They received only a little over 30 per cent of the votes. Could this be a signal that it is time for these warhorses to ride into the sunset, when even voters of their age whom they wanted to represent turn their backs on them?
It is true the SMCs they stood in were newly carved out. But younger WP candidates in similarly new areas were able to get some 10 percentage points higher than these old-timers.
On the other hand, the impact of younger voters is harder to determine as they are more evenly spread out across the island.
Candidates and their helpers from various parties feel that perhaps young voters were leaning a little more towards the opposition camp than the rest of the electorate, but not overwhelmingly so either.
The spike in support for the opposition came from across the board, they note.
Did race and sex matter?
IN SIMILAR fashion, the increase in support for the opposition parties also appears to have cut across ethnic lines.
The evidence is anecdotal at best: a larger number of Malays and Indians at opposition rallies and walkabouts than in previous years, and the swing to the WP in Aljunied, Moulmein-Kallang and Nee Soon GRCs, where the proportion of minorities is slightly above the national average.
But the Malay vote, which many believe had disproportionately gone to the PAP in recent elections, may have been split this time.
Minister Mentor Lee Kuan Yew said on Sunday he did not think Malay-Muslim support for the PAP at the ballot box had been affected by comments he made in his latest book, Hard Truths To Keep Singapore Going, questioning the Malay community’s commitment to integration.
But Mr Zainul differed, saying this week: ‘You need only ask the Malays and Muslims in Singapore – many were hurt by those remarks and remain so.’
Taken together, these suggest that minority voters may no longer be a safe vote bank for the PAP, even though it fields minority candidates with better credentials than those from the opposition parties.
Some observers, however, welcome this trend as a sign that minority voters are increasingly voting along national rather than ethnic lines.
Mr Zulkifli notes that there were attempts by WP candidates to raise the underperformance of Malays at rallies. But this did not become an election issue, because Malays face the same issues as other voters, he says.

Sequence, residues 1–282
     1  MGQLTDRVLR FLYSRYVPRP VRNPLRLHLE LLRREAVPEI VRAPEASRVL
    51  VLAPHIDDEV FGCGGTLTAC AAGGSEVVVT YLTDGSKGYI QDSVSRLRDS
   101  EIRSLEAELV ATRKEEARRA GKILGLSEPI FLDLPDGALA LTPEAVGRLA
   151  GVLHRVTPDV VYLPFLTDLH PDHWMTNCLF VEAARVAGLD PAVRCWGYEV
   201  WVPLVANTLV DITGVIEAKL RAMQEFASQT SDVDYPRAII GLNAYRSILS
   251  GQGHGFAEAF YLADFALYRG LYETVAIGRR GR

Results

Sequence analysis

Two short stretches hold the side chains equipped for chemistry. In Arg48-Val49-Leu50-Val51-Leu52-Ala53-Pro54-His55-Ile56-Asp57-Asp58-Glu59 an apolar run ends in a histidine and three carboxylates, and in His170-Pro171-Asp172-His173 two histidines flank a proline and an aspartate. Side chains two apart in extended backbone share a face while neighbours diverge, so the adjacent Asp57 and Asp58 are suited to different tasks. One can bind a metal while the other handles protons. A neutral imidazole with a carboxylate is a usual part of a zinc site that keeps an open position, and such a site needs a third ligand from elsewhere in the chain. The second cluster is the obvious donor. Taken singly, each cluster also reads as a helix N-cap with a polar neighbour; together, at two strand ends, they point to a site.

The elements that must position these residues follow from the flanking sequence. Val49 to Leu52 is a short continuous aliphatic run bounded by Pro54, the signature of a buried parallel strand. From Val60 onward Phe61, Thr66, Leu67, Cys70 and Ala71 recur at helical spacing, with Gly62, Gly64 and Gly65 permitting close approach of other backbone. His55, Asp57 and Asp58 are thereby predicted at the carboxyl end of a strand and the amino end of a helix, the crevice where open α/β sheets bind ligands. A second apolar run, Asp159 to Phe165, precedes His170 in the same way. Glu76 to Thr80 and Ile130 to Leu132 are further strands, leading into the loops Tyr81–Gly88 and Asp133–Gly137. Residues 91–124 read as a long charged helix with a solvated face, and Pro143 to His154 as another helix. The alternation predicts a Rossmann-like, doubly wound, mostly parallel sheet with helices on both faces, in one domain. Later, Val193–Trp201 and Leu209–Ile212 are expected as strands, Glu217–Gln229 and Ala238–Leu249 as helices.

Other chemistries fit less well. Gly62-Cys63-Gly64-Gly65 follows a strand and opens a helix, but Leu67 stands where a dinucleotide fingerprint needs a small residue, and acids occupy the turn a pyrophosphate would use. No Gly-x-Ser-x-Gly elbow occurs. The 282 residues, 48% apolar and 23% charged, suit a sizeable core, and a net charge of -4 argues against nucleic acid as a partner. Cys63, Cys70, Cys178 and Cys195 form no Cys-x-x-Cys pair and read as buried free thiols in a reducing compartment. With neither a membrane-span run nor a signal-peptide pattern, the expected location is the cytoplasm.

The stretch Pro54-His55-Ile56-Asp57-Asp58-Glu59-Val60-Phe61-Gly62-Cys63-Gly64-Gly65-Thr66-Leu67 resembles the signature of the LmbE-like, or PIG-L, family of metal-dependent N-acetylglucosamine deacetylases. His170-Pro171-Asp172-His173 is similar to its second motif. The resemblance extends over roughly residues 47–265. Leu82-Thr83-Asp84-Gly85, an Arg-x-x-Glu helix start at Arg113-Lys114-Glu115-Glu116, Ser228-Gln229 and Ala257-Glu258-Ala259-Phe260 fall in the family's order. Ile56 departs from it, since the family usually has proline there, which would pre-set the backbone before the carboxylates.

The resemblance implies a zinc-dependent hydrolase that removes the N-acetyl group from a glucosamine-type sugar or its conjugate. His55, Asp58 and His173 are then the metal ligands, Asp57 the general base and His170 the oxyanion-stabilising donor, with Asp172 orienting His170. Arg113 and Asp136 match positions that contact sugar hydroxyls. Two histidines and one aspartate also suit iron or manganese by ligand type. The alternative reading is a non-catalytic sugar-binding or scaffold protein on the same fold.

There is, however, one niggling point.
Other than Aljunied, Potong Pasir and Joo Chiat, the PAP’s next lowest vote share was in Punggol East, where the first minority candidate in an SMC since 1988 secured just 54.5 per cent of the vote.
Mr Michael Palmer, a Eurasian who could speak Mandarin, was in a three-cornered fight against SDA’s Mr Desmond Lim, who lost his deposit, and WP’s Ms Lee Li Lian, a female Chinese candidate.
Had Mr Lim not entered the race and assuming all his votes went to her, Ms Lee would have scored 45.5 per cent and been an NCMP.
Did race matter, or did it not matter, to a small but sizeable number of voters – especially as Mr Palmer was a one-term MP for the ward and the ruling party was confident of his chances there?
On the other hand, gender does not seem to be a factor, with the PAP’s two women standing in SMCs pulling in a high share of votes: Mayor Amy Khor in Hong Kah North with 70.6 per cent and Senior Minister of State (National Development and Education) Grace Fu in Yuhua with 66.9per cent.
Incidentally, both have been spending a lot of time walking the ground and have gained a reputation as hands-on MPs.
Did the middle ground shift?
NO MATTER how good a PAP MP is, most observers believe there will be a core 30 per cent of voters in a constituency who will vote for the opposition.
One theory is that this threshold is slowly edging upwards in the light of unpopular policies of recent years. But the branding of some parties and the quality of their candidates leave much to be desired, and so the pool of PAP votes remains at just above 60 per cent.
Dr Lam argues that this can be interpreted as ‘voters’ preference for evolutionary rather than radical change’.
The across-the-board tide against the PAP has led to party leaders pledging to change the party and make it better.
But on that same note, opposition leaders have to rethink what they are offering voters beyond an alternative voice.
Noting the swing towards the opposition, Prof Tan says: ‘Voters want the PAP to show empathy and understanding, and the opposition to provide alternative voices, checks and balances. The latter can be addressed only by an effective opposition.’
At a TV forum with various political parties last month, Mr Tharman agreed that a strong opposition was good for Singapore.
The next election may not be due until 2016 but the questions that will keep coming back are: How is the PAP gearing up to be more responsive to voters? And how are opposition parties gearing up to play the role that voters have signalled they are willing to vote for?
How these questions are tackled in the coming months and years will be awaited with bated breath by a politically awakened electorate who have discovered the power of the ballot box.